Introduction: Easy Truck Bed Storage

Picture of Easy Truck Bed Storage

Here's a quick and cheap way to add some extra storage compartments to your Pickup Truck. This design uses materials readily available from the local hardware store and is very easy to put in and take out of your truck as needed. They are great for storing luggage, groceries, trash, etc. And only take about 2-3 minutes to add or remove from the truck once initially set up. I've run these thru the car wash with no problems too.

Step 1: Materials

  • Two large plastic containers - I got these at Lowes and a 2 for 1 deal for $20
  • Industrial strength Velcro
  • 4 Mini stretch cords
  • 2 "S" hooks
  • 6 large zip ties
  • 4 adhesive backed hook plates
  • Drill, 1/2" or 1/4" drill bit

Step 2: Construction

Picture of Construction

1. Cut 8 pieces (4 for each container) of Velcro for the truck bed and attach (see picture #1)

2. Cut 8 pieces of opposite side Velcro (4 for each container) for add attach (see picture #2)

3. Take care when placing Velcro on the truck bed that it will match up to your containers Velcro pieces

Do the next 6 steps for each container:

4. Place the bottom of the container onto the truck bed matching up Velcro strips until it's placed well, ideally little to no wiggle or slip. This might take a little trial and error. You should be able to get it to hold pretty well.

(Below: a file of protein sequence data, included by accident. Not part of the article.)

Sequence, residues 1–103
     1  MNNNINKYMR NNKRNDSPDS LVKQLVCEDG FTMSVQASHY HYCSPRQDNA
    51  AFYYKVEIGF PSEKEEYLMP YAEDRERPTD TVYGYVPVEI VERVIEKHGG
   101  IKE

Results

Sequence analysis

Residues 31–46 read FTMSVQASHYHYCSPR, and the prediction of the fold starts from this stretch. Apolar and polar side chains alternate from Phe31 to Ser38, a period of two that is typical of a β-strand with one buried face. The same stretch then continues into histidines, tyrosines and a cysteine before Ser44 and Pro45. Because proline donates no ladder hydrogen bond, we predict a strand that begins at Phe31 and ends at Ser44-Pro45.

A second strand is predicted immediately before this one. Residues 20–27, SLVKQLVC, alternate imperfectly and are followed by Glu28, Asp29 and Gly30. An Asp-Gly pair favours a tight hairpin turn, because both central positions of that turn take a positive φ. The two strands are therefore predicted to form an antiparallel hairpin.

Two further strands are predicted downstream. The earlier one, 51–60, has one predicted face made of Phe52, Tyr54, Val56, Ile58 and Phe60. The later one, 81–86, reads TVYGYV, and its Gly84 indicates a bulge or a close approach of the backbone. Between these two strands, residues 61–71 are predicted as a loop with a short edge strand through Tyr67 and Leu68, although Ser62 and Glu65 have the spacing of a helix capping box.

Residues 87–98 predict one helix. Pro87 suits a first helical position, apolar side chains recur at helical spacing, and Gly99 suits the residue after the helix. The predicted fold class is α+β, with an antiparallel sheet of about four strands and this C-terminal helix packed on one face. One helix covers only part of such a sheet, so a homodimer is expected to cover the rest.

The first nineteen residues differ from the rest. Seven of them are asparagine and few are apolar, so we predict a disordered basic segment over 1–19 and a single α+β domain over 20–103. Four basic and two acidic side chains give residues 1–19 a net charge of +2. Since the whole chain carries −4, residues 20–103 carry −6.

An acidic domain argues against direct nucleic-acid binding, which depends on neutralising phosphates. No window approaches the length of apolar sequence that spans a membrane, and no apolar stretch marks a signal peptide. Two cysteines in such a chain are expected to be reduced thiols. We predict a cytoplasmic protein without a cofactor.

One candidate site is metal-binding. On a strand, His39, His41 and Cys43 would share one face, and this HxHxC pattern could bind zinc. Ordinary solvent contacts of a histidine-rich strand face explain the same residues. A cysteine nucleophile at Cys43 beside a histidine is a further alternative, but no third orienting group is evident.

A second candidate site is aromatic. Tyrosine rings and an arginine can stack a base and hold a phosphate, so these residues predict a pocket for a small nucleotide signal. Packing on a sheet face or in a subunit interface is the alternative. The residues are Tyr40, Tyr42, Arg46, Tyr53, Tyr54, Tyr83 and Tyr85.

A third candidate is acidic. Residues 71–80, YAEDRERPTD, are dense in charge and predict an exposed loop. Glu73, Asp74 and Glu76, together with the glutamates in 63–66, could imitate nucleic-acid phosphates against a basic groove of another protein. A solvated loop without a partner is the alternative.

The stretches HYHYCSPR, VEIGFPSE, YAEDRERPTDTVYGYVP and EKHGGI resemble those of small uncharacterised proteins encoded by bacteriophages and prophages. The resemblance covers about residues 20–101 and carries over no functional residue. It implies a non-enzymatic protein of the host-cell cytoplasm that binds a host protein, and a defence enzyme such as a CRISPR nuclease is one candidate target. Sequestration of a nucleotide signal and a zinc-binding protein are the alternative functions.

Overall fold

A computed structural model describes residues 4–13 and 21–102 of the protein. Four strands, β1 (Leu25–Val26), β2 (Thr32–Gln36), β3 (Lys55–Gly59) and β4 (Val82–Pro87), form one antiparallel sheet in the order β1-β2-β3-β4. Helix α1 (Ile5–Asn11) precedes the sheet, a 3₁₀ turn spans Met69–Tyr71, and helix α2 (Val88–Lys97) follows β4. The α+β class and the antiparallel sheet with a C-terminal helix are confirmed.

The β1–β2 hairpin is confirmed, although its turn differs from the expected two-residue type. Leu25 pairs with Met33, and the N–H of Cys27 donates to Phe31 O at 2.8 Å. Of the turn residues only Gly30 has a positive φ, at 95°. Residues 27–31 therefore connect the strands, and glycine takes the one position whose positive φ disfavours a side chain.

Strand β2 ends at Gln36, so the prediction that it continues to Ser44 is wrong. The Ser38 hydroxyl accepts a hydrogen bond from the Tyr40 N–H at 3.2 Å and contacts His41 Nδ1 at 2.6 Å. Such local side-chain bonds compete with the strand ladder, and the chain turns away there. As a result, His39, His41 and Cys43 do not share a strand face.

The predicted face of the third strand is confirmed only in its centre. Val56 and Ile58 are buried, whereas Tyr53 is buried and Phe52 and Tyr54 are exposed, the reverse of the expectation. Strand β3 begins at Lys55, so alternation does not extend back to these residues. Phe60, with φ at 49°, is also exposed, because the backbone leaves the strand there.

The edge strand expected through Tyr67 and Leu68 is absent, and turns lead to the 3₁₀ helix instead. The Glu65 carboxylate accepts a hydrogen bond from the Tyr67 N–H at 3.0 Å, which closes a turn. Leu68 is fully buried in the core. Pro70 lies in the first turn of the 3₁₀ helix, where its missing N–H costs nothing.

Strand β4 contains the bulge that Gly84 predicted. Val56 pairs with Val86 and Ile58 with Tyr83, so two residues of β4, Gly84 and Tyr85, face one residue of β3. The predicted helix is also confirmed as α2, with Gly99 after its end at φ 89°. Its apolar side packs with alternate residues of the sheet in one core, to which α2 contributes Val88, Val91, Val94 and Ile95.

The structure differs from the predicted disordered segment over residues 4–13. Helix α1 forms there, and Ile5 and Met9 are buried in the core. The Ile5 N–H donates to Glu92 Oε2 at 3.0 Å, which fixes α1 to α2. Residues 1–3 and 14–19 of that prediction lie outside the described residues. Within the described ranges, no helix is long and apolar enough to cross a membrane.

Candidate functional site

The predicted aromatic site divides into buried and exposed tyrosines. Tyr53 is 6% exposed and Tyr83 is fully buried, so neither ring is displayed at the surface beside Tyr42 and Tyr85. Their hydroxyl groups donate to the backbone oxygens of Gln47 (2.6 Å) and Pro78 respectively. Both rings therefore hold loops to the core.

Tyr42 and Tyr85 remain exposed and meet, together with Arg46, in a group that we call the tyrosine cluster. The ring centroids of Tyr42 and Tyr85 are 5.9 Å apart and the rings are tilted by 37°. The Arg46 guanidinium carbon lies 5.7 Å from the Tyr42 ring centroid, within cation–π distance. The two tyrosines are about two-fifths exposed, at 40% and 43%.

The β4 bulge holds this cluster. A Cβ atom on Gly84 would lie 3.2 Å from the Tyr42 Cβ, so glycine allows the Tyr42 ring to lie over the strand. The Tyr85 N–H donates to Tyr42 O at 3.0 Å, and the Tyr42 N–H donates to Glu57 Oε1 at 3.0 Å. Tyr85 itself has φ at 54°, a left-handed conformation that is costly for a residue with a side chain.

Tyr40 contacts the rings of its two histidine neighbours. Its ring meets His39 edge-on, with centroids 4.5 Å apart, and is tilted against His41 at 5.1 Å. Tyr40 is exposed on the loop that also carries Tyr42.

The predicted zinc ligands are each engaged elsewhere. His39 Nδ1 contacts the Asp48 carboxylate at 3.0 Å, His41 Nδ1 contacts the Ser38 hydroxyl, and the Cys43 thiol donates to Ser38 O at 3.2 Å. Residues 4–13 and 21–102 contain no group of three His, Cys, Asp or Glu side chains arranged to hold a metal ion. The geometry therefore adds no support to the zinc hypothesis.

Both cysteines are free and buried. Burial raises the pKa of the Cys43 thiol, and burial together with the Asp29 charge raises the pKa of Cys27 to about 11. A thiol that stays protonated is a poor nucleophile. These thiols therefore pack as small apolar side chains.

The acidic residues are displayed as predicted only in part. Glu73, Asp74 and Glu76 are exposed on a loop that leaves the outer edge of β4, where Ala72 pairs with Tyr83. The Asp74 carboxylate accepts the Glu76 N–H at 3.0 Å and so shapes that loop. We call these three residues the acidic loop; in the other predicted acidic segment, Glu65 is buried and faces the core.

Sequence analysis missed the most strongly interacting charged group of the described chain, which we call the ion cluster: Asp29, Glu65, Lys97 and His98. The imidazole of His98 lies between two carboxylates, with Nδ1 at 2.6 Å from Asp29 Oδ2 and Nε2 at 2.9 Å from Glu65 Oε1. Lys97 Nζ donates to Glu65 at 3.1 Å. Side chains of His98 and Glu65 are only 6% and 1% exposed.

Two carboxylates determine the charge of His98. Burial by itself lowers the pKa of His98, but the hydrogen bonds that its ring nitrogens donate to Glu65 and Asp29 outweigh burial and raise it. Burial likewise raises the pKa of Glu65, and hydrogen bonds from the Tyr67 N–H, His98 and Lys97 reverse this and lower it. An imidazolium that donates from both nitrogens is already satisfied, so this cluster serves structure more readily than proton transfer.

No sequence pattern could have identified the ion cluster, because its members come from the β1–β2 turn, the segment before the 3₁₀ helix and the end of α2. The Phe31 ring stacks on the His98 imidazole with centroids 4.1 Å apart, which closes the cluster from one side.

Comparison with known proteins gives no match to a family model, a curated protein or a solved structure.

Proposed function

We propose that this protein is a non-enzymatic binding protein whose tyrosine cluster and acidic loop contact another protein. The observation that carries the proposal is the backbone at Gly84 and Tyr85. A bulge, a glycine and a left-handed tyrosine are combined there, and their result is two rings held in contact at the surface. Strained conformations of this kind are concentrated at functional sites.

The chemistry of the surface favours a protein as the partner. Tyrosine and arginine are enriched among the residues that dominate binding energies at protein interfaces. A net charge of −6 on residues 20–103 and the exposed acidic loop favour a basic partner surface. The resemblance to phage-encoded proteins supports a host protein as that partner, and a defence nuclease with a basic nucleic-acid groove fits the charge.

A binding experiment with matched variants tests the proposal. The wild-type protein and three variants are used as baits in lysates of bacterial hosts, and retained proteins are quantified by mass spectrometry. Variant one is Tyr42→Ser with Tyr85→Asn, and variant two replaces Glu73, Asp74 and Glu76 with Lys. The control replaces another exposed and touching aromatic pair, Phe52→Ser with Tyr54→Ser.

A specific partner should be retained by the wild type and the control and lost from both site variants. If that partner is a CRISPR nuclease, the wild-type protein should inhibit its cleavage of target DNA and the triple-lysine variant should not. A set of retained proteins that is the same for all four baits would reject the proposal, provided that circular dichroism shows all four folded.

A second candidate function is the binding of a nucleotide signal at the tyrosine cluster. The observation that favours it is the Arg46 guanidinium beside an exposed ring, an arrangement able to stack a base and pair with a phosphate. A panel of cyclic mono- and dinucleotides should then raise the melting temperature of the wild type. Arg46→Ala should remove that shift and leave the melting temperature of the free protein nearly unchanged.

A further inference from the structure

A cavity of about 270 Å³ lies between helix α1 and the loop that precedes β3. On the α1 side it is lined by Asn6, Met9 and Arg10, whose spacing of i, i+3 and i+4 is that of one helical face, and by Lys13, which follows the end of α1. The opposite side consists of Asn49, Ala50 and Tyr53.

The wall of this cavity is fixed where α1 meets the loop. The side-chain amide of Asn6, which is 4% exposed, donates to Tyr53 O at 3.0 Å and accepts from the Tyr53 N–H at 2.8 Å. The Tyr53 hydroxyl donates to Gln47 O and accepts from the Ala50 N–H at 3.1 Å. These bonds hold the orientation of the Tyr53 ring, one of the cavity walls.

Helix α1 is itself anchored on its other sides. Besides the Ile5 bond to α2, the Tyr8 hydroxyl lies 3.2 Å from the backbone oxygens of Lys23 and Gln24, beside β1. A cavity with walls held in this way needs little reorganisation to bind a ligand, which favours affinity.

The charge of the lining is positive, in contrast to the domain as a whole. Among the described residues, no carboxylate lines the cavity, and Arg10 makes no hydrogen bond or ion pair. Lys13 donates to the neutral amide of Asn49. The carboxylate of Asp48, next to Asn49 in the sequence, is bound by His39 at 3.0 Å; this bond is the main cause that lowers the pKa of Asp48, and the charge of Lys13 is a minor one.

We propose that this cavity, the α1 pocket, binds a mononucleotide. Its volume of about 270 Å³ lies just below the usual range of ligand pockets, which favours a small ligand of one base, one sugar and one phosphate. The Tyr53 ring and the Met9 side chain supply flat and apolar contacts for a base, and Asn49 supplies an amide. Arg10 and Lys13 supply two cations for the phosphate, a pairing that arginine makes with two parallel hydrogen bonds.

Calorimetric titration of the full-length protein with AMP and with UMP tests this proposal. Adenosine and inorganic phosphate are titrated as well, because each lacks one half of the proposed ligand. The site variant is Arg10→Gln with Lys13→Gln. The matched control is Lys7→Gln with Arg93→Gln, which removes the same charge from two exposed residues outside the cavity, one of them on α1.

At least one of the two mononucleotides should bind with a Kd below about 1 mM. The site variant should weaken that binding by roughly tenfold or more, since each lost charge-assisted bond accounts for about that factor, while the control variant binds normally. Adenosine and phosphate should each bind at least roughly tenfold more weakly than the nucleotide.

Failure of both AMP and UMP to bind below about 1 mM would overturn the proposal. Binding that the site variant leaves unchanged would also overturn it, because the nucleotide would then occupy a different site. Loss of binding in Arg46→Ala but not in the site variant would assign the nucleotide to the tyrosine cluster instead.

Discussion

5. Drill 4 1/2 inch diameter holes in the top lid of the container (see pictures #3 and #5 & #6)

  • Two of the holes are on the back of the top lid to allow for later tie straps to fit thru for the "hinge" (picture #3)
  • The other two holes on the front of the top lid to allow for later mini stretch cord to be hooked on (picture #5)

6. Drill 3 1/2 inch diameter holes in the bottom half of the container (see pictures #3 and #5 & #6)

  • On the bottom piece of each container drill two of the holes in the back top area so that you can loop two tie straps thru the two other similar holes you drilled in the top lid - the four holes and two ties straps then form a "hinge" for the overall container (see picture #3).
  • On the bottom piece of each container, drill one hole about 4 inches down from the top in the center of the bottom piece. Put an "S" hook in the hole. On the inside of the container, I've found it helpful to put a tie strap on the back side of the "S" hook to help keep it in place (see pictures #5 & #6).

7. Flip down the top lid onto the bottom of the container

8. Take one of the mini stretchy cords and put one of the hook ends into each of the two holes you drilled in the top lid. Pinch the hooks tight onto the holes so they don't slip out. Stretch the middle of the stretchy cord to hook onto the "S" hook. See pictures #5 and #6 above for placement.

9. Optional, but good for safety (i.e. "fly aways" during driving) - place one adhesive backed hook pad on the front of the bottom container piece and another adhesive backed hook plate at about the same height on the truck bed side wall. Take a mini stretchy cord and put hook ends into each pad for a safety catch. See picture #7 above for placement. I've had this setup on my truck for about 2 years now and have never had one of the bottom halves "fly off" while driving. I did have one of the top lids fly off once and it was because I only used one tie strap for the hinge (and it had broken). Which is why I strongly suggest use two tie straps for the lid hinge and check it semi-frequently to make sure they are not broken. Obviously if you are concerned more about safety, then just put a regular stretchy cord over the tops of the two containers, stretched side to side. Once in a while I have to replace the Velcro pieces depending on how much I take the containers off and put them back on.

Comments

seamster (author)2015-03-21

Very handy idea, thanks!

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